Many military families become landlords when they PCS and can't, or don't want to , sell the house they've purchased. Being a landlord can be a blessing or a nightmare, depending on a wide variety of circumstances. One potential pitfall of landlording is often overlooked by those just starting out: liability.
According to Merriam-Webster.com, liability means, "the state of being legally responsible for something." Unfortunately for landlords, liability can come in many shapes and forms. Of course, landlords are liable for the obvious things, such as maintaining a safe and livable rental property. However, landlords can also be found liable for environmental hazards, injuries, criminal activity, and even, rarely, the behavior of a tenant's pet.
In theory, an ambitious attorney can include the property owner in just about any litigation that involves activity that occurred on the property, even if it isn't remotely related to the owner.
How does a property owner protect themselves when they become a landlord? There are several levels of protection, and a smart landlord should consider all of them.
First, make sure your lease is protective to the landlord. Assign all liability for accidents, injuries, criminal activity and pet behavior to the tenant in your lease. Be sure to check your state's laws to ensure that everything included is legal. This won't cover you completely, especially in cases of accidental injury, but it is a good first layer.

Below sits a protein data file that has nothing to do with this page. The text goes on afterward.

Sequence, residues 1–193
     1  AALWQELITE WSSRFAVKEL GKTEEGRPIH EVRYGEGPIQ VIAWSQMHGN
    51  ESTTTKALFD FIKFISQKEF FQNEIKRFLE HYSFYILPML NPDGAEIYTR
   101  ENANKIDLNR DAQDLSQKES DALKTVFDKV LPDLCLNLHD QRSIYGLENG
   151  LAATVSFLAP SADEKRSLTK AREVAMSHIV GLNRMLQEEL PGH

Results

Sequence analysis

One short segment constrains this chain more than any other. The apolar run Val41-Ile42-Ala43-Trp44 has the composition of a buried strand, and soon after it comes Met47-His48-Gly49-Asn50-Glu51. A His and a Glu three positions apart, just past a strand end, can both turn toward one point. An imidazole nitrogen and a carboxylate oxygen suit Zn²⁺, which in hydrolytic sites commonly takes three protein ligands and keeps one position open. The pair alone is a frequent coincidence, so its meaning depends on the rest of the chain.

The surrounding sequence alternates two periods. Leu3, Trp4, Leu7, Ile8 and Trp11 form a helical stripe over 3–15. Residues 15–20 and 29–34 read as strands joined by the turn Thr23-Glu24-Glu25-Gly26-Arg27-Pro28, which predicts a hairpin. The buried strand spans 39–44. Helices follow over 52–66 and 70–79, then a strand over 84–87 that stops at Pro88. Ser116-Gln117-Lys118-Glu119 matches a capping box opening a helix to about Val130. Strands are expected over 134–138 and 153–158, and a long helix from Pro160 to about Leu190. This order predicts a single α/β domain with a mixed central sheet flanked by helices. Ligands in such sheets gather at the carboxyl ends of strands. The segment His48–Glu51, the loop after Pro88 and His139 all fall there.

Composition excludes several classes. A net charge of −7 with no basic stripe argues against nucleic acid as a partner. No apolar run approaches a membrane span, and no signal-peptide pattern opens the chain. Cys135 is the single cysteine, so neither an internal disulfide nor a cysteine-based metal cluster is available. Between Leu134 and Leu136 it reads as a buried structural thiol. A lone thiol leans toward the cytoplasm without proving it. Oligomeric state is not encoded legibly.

Second, make sure your lease requires your tenant to maintain renter's insurance that includes liability coverage.
Third, consider your own liability coverage. Landlords really must have "umbrella liability" coverage, which is a broad liability policy that covers all areas of liability and extends the liability coverage of your auto policy, and any homeowner's or fire policies that you might have. In days past, one million dollars of coverage was often considered adequate, but you need to consider your specific coverages. Yes, a million dollars sounds like a lot of money, but it isn't much in today's lawsuit-happy society. Our family carries two million dollars of umbrella liability insurance, and I'm considering increasing it. Umbrella insurance is relatively cheap, a few hundred dollars per year, and it is tax deductible as a business expense if you are carrying it because of your rental property.
Fourth, consider how the title to your house is held. Forming a limited liability corporation (LLC) , and holding the house within the LLC, may provide you with additional protections. Depending on your state, this may be cheap and easy or cost several hundred dollars per year, and the level of protection it provides also depends on the state. It would be worth consulting with an experienced rental real estate attorney to decide whether an LLC is the right solution for your situation.
Owning rental property is always complicated. Take one level of complication out of the equation by ensuring that your personal interests are protected from property related liability.